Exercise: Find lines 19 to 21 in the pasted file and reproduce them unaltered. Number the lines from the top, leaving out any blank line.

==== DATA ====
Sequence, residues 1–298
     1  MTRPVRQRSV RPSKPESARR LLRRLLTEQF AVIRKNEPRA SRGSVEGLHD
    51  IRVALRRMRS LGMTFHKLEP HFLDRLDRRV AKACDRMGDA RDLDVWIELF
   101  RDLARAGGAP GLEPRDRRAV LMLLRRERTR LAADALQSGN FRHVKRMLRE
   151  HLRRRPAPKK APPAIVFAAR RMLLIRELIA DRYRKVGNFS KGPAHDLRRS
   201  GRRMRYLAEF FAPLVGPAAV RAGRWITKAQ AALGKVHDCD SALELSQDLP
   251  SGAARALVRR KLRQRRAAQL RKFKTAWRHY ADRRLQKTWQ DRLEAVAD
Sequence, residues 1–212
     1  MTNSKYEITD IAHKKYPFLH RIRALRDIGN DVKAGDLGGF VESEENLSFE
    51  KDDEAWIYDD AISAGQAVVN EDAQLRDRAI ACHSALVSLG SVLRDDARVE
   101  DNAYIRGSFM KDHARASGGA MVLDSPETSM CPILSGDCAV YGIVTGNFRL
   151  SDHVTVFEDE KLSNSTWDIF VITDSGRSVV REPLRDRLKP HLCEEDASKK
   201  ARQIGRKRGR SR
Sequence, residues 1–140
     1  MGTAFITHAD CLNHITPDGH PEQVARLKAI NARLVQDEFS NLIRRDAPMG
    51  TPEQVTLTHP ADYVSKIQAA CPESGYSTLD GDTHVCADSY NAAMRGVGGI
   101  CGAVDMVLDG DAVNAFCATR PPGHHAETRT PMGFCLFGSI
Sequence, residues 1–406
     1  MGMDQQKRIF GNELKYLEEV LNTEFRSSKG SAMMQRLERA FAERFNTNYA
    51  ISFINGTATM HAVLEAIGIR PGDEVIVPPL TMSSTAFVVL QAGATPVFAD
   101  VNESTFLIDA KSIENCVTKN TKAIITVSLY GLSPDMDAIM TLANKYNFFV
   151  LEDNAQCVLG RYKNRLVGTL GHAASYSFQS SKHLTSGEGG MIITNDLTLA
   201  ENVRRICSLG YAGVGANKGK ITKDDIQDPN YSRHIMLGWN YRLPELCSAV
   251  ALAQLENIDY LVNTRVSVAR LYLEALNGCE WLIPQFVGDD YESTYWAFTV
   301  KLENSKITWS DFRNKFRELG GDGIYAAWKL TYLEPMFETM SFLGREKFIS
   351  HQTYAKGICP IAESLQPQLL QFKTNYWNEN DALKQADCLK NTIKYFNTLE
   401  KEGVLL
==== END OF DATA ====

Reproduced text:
     1  MGMDQQKRIF GNELKYLEEV LNTEFRSSKG SAMMQRLERA FAERFNTNYA
    51  ISFINGTATM HAVLEAIGIR PGDEVIVPPL TMSSTAFVVL QAGATPVFAD
   101  VNESTFLIDA KSIENCVTKN TKAIITVSLY GLSPDMDAIM TLANKYNFFV